One in Four Americans With College Degrees Shouldn’t Have Bothered

Roughly 25% of those with bachelor’s degrees in the US derive no economic benefit from their diplomas. That’s the takeaway from analysts at the Federal Reserve Bank of New York. The same analysts have argued in the past that the benefits of a college degree, on average, still outweigh the costs. ... Read & React

Grade Inflation: Does It Matter?

by Henry Romero

The issue of “grade creep” in the federal workforce arises on a regular basis. As the average grade (and the average salary) of the typical federal employee continues to go up, this trend is cited as yet another example of a bloated bureaucracy of highly paid workers. The overall average grade is ... Read & React

Do High-School Students With Jobs Make More Money Later in Life?

Remember the job you had in high school? Scooping ice cream at Baskin Robbins, babysitting for a neighbor, or a cashier at the mall? For me, it was a receptionist job at my friend’s dad’s place—a doctor’s office. Such drudgery has always been thought to come with a hidden bonus: The promise of ... Read & React

Will Social Security Still Be Able to Deliver in 2025?

The Social Security Administration is crucial to our national fabric and will touch all of us sooner or later. SSA has a strong track record of meeting customer needs, but its ability to provide quality service to all Americans in the future may be at risk as the agency faces budgetary constraints, ... Read & React

High Performance Is Not a Secret

Jay Williams, the new assistant secretary at the Commerce Department’s Economic Development Administration, knows what it’s like to turn around an agency with dissatisfied workers. It’s not easy, but it can be done. Williams’ recent interview with The Washington Post interview reminded me of my ... Read & React

How to Write a Job Posting That Doesn’t Terrify and Demoralize Candidates

As any job-seeker who has stared with dismay at a long list of job specs might suspect, there’s a major disconnect between most job postings and reality. Hiring managers who describe a dream candidate instead of what they actually need, or obsess about screening out all under-qualified ... Read & React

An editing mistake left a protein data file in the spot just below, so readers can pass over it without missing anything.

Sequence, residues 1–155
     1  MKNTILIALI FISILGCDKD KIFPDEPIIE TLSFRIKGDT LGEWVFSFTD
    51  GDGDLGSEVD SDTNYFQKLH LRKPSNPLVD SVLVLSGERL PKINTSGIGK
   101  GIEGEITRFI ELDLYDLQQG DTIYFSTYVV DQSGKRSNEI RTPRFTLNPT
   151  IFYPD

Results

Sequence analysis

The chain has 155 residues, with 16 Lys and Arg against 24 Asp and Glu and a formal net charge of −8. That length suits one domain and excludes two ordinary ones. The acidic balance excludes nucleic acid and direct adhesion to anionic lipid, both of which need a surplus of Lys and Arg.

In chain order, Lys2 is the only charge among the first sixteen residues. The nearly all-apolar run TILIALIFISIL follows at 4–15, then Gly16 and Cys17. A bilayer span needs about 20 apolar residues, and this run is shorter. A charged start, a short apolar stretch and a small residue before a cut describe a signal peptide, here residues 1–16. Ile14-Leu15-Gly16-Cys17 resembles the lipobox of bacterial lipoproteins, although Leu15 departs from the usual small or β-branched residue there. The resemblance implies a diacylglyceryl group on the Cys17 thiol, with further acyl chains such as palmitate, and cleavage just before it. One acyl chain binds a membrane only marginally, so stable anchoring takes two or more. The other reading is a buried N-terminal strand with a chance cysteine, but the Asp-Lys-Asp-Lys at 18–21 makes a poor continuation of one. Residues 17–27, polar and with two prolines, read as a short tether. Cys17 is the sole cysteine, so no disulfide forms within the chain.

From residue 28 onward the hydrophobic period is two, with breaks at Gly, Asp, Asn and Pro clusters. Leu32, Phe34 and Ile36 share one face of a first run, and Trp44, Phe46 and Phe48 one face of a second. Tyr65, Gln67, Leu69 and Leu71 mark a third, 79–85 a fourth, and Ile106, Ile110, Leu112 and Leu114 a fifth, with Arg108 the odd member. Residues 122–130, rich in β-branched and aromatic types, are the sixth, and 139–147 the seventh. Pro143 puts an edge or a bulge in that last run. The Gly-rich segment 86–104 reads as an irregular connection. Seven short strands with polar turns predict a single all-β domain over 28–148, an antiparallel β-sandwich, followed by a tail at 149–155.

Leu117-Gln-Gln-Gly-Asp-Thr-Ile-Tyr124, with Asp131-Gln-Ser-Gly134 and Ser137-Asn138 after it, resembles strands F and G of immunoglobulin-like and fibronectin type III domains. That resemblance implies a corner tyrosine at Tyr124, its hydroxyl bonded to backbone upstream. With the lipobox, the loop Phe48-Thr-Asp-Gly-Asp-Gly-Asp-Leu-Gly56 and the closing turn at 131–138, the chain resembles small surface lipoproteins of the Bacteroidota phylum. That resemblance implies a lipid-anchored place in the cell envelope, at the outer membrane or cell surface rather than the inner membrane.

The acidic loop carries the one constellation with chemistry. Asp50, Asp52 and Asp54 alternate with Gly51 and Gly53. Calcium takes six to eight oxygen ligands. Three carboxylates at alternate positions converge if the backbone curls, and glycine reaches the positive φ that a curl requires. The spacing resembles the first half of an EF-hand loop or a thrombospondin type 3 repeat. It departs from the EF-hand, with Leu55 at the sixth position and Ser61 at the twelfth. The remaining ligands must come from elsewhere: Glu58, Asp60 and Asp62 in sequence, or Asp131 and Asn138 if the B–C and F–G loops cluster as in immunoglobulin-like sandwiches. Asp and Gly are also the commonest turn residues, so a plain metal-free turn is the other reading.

The Origins of the Anger Face

by Cari Romm

In the U.S., the thumbs-up is typically a gesture that everything’s just hunky-dory—but in the Middle East, it implies that the gesturer is about to do something decidedly unfriendly with that thumb and another person’s anatomy. In Brazil, the “OK” sign—another innocuous move in America—is an ... Read & React

What Any Leader Can Learn From Pope Francis

by Scott Eblin Executive Coach

Jeffrey A. Krames has been involved in publishing more than 400 business books over the course of his career and has written books on business and government leaders like Jack Welch and Donald Rumsfeld. As Krames describes himself, he is the son of Holocaust survivors and believes that Pope Francis ... Read & React

Want to Thrive? 5 Lessons From Zeke About How to Live Well

Zeke in his early days at home in upstate New York.
by Sarah Agan Director, Corner Alliance Inc.

“Zeke is not doing well.”  These were the first words my husband spoke to me as he retrieved me after I facilitated a two-day leadership off-site for a client. He grabbed my bags and hurried out of the lobby to the truck, where our 70-pound German Shorthaired Pointer, Zeke, lay in extreme ... Read & React

Risk Management: Creating Organizational Self-Defense

by John Kamensky Senior Fellow, IBM Center for the Business of Government

Why don’t agency top leaders know about significant management problems in their organizations before it is too late? Scandals seem to be more prevalent these days, ranging from seemingly dishonest reporting of telework hours at the Patent Office or veterans hospital access wait times, to the ... Read & React